Those who can't wait to see 2008 come to a close will have to endure an extra second literally. On Dec. 31, just before 7 p.m. Eastern time, a leap second will be added to atomic clocks around the world to realign Coordinated Universal Time (UTC), the international standard for atomic clocks, with Earth's rotational period. The reason for the intermittent mismatch between these two measurements lies not with the clocks but with the movement of the planet, which is decelerating at an average rate of two milliseconds a day.
Space dust, magnetic storms, solar winds and the Earth's atmosphere all create drag, which slows down the planet. Even the amount of snow covering the polar ice caps adds to the rotational lag. But one of the main obstacles is tidal friction. Because the gravitational pull between the moon and the Earth is not uniform, the tidal force stretches the Earth core, mantle, crust, oceans and all producing bulges. The Earth's rotation pushes the tidal bulge slightly ahead of the Earth-moon alignment; the moon's gravity, however, yanks the bulges back to keep them in line. This tug-of-war essentially a transfer of energy between the Earth and the moon boosts the moon's orbital momentum, pushing it away from the Earth at a rate of 1.6 inches a year (the moon's distance from us will increase by the length of a football field over the course of 2,250 years), while reducing the Earth's rotational speed and lengthening the day. (See pictures of Earth from space.)
No one could truly appreciate the global slowdown until the invention of the atomic clock, which uses the oscillation frequencies of atoms such as cesium, hydrogen or rubidium to mark the passage of time. According to Andrew Novick, an engineer with the time and frequency division of the National Institute of Standards and Technology (NIST), there exist three types of atomic clocks: primary standard clocks, which are state-of-the-art instruments owned by only a handful of nations, such as Germany, Britain and the U.S. (there's one at NIST); smaller, rack-mounted commercially available versions that can cost as much as $40,000; and widely available radio-controlled clocks, whose time is set by a daily radio signal received from a primary standard clock usually the one at NIST's headquarters in Boulder, Colo.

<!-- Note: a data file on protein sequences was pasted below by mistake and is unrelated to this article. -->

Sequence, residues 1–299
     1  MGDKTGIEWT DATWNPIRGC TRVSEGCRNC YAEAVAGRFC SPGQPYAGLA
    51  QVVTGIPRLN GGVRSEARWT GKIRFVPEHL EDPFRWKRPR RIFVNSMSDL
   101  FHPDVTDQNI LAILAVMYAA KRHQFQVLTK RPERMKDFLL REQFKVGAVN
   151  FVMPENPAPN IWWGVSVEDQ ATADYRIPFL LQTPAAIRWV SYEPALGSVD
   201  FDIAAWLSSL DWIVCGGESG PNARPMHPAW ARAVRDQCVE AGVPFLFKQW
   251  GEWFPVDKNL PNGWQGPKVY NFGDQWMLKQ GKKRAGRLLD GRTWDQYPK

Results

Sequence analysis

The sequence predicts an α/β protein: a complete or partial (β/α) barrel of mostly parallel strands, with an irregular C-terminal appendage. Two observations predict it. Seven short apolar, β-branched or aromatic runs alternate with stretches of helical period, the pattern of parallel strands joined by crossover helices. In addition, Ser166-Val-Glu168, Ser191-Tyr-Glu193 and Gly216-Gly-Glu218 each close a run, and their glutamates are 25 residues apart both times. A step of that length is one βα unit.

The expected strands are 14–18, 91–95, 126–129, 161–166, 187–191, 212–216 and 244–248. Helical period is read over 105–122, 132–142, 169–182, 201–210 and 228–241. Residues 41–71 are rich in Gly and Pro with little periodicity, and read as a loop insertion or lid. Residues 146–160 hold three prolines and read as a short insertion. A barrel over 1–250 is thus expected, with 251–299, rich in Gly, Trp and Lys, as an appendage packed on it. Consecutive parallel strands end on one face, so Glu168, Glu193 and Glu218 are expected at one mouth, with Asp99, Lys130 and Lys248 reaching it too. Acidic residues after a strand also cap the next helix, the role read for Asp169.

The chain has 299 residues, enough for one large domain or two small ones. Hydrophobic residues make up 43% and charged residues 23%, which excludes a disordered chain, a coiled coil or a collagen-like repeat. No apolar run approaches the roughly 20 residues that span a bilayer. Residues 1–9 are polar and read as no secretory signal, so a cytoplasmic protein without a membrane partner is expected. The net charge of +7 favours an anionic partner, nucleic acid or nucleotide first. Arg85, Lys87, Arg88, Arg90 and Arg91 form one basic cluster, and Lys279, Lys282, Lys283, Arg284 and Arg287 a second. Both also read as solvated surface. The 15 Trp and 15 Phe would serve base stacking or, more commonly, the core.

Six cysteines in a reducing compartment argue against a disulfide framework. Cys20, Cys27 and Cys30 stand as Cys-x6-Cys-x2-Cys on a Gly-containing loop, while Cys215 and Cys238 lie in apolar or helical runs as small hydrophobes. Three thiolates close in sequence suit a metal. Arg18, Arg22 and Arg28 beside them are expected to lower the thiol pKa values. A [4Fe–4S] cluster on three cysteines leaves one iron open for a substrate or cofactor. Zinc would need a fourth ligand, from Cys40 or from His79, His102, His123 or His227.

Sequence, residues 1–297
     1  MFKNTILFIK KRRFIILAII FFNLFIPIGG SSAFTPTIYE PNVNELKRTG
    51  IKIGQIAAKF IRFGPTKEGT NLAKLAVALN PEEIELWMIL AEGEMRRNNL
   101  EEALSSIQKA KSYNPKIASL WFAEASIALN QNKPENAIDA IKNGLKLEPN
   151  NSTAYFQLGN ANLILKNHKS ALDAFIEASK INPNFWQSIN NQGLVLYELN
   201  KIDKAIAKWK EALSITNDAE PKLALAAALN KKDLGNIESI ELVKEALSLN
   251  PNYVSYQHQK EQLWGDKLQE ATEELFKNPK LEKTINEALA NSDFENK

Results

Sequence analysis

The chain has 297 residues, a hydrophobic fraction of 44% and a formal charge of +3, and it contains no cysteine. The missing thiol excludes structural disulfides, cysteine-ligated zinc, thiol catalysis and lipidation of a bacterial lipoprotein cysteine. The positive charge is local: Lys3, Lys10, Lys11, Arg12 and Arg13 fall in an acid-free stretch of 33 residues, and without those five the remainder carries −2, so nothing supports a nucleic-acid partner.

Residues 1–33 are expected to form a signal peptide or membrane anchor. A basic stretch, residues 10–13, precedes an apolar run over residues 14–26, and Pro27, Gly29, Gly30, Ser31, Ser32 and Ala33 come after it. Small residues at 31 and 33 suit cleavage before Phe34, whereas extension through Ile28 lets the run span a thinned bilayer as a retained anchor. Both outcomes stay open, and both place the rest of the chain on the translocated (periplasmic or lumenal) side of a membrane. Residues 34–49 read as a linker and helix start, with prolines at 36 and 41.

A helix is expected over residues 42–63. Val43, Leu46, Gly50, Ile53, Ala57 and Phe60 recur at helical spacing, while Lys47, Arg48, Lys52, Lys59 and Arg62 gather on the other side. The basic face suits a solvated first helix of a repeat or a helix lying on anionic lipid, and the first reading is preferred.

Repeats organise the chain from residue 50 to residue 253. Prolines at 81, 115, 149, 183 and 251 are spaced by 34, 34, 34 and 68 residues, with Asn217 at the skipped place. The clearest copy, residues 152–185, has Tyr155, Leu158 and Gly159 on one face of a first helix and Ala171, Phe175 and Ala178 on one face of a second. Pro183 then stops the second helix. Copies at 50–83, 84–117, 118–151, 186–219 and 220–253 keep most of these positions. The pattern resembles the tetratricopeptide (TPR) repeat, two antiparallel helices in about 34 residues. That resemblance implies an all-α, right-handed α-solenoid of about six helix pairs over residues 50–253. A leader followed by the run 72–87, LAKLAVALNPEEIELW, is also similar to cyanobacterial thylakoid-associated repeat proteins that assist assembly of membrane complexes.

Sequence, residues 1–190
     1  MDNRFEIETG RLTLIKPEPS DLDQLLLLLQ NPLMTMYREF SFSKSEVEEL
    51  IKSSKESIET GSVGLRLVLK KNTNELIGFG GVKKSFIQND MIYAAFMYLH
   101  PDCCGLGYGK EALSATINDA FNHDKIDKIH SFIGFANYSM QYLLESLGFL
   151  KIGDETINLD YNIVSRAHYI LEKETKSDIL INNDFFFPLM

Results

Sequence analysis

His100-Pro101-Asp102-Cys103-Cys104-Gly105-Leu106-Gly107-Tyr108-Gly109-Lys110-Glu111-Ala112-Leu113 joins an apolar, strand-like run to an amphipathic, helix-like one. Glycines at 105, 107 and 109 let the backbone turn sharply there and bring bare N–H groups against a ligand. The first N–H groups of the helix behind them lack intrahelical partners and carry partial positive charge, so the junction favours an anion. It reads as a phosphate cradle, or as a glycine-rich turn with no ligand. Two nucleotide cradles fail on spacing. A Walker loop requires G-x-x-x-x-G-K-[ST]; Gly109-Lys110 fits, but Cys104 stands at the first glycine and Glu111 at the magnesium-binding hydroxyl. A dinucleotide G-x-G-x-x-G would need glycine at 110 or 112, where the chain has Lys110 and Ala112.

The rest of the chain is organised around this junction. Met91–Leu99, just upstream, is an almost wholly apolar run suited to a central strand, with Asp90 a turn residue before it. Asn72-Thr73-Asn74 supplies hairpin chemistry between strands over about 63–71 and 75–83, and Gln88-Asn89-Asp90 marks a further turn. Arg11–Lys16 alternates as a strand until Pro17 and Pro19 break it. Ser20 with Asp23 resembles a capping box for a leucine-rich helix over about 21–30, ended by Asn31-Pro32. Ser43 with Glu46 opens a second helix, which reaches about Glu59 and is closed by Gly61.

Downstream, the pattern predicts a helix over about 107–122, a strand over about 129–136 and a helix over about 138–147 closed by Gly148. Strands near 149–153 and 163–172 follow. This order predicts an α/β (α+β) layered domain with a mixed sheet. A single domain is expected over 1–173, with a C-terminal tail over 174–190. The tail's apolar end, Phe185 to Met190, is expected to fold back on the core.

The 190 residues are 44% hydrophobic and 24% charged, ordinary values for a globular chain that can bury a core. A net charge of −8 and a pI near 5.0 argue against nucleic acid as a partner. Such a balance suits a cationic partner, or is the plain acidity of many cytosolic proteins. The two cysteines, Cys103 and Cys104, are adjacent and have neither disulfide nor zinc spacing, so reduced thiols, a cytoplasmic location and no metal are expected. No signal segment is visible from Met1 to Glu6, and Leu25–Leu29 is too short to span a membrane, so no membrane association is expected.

Without the unerring measurement provided by atomic clocks, we couldn't have landed a rover on Mars, the Internet wouldn't be able to process data superfast and GPS navigation would be a fantasy. These clocks are so precise that they literally redefined time: Once tied to the mean solar day, the official measure of a second was changed in 1967 to refer to the duration of more than nine billion periods of radiation between two levels of the cesium 133 atom.
If scientists did not periodically correct the difference between the atomic clock and Earth's rotation, within a few hundred years the position of the sun in the sky would noticeably differ with the time on your kitchen clock, an aspect of earthly timekeeping that has caused much consternation historically, vexing everyone from Julius Caesar to Pope Gregory XIII. So, in 1972, an international agreement decreed that instead of continually revising the definition of a second, atomic clocks would be adjusted by adding a leap second each time an appreciable discrepancy was detected by observations made at the International Earth Rotation Service in Paris. Since then, 24 leap seconds have been added, either on June 30 or Dec. 31; the last one was tacked on in 2005. At that rate, "it will be 5,040 years before we gain an extra hour," Novick says.
For now, you needn't worry about resynchronizing the clocks on your electronic devices; they'll adjust themselves. Cell phones, for instance, will receive a signal from a cell-phone base station, many of which often rely on commercially available rubidium atomic clocks. But if you would like to witness the leap second pass with your own eyes, log on to NIST's Web clock shortly before midnight Greenwich Mean Time, and watch as 23:59:59 changes to 23:59:60, a feat that only NIST's clock can achieve.